Let’s dive into the world of Fischer Projections!
Fischer Projections are a method of representing 3D molecules in a 2D format.
Imagine standing in front of a molecule with arms stretched out. The vertical lines are like the molecule’s arms reaching behind it, while the horizontal lines are reaching out to greet you!
Glucose (a carbohydrate):
The simple straight-line representation we often see for glucose can be visualized as a 3D molecule. When viewed from the side, those straight lines transform into the familiar dashed and wedged bonds.
Alanine (an amino acid):
Just like with glucose, the linear Fischer projection of alanine corresponds to a more dimensional view when you look at it from a different angle.
Fischer Projections are essential tools, especially when dealing with molecules that have multiple chiral centers. They provide a clear and concise way to represent the spatial arrangement of atoms.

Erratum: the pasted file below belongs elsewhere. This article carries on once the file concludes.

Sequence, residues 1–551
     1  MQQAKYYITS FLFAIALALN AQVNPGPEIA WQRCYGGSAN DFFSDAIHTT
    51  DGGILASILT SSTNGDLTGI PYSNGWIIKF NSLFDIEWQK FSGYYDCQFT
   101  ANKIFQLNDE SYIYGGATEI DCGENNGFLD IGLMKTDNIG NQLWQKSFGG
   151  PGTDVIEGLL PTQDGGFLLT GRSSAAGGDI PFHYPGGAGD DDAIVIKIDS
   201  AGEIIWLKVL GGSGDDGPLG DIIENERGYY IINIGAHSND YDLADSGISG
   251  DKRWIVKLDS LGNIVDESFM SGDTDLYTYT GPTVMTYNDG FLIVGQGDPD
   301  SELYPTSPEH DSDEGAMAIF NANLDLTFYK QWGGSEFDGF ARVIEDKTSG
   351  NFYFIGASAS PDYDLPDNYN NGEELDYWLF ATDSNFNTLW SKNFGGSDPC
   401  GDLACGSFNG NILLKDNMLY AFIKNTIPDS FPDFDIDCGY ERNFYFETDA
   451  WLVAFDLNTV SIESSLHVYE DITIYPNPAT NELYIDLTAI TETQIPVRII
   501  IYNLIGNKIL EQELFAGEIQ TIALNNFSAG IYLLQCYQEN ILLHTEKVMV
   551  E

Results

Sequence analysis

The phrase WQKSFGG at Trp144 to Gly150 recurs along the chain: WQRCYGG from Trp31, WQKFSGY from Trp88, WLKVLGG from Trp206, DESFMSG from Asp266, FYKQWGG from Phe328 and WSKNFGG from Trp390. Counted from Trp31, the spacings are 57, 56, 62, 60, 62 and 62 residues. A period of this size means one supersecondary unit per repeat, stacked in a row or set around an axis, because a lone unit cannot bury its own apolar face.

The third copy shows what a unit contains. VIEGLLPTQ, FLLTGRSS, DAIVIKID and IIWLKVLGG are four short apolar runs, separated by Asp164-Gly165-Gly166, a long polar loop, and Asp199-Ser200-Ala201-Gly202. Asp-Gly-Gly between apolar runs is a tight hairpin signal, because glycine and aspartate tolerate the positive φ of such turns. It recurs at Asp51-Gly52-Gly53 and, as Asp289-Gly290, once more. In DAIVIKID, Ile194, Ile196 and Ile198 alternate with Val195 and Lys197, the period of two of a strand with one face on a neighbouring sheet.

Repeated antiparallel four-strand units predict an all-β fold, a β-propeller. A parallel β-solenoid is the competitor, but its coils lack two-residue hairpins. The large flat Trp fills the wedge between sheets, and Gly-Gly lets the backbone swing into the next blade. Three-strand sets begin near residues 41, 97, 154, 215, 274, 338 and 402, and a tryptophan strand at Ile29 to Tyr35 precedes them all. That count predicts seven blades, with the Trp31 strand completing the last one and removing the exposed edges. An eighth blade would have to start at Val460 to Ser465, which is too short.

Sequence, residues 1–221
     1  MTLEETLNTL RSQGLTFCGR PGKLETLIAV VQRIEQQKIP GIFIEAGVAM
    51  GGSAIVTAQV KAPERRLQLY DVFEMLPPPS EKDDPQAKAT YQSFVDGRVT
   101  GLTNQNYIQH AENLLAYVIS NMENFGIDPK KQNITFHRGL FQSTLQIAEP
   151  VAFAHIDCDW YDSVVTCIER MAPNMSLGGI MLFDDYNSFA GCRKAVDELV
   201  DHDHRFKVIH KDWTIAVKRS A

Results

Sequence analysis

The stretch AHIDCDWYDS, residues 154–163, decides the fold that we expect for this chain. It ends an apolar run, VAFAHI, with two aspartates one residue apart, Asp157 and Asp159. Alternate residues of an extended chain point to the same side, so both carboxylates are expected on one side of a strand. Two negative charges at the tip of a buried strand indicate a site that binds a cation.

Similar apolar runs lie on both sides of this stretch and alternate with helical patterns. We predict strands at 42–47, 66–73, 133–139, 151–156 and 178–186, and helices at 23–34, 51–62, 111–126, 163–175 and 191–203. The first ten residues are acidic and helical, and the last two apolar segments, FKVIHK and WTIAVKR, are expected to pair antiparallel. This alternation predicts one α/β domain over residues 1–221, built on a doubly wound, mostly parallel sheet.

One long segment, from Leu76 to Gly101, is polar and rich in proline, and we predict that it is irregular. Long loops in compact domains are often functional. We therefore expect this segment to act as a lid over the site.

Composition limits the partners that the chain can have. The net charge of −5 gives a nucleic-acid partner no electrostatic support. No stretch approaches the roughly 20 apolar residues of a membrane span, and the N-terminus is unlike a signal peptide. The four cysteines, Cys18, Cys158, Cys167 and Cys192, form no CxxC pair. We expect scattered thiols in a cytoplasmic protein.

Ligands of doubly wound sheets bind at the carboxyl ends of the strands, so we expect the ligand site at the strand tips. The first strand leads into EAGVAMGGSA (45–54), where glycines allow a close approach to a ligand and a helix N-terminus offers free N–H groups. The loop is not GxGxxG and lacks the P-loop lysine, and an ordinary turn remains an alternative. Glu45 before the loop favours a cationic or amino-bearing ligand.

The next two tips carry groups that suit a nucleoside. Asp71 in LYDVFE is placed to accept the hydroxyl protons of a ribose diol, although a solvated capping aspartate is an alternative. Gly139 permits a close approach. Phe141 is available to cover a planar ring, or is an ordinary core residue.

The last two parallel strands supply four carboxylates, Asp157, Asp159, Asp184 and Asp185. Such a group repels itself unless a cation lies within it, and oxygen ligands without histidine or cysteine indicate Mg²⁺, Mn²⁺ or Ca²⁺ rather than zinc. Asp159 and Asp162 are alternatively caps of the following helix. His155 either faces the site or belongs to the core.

Fischer Projections were introduced by the German chemist Emil Fischer in the late 19th century. Fischer’s work was groundbreaking. He was able to represent complex 3D structures on paper, revolutionizing the way chemists visualized and communicated molecular structures.
We’ve previously looked at Fischer Projections, but how do we translate these 2D drawings to more familiar bond-line structures? Let’s unravel this mystery together.
The Conversion Process:
When converting a Fischer projection to a bond-line structure, you’re essentially visualizing the molecule in 3D. The process can be approached in multiple ways.
Method 1: Assign the R/S stereodescriptors and then do the same for the bond-line structures. If you guess correctly, move to the next atom, if not, just switch the dashes and wedges.
Method 2: Imagine yourself floating around the molecule. This one requires a bit more visual prowess, but with some practice this method gives you super quick results!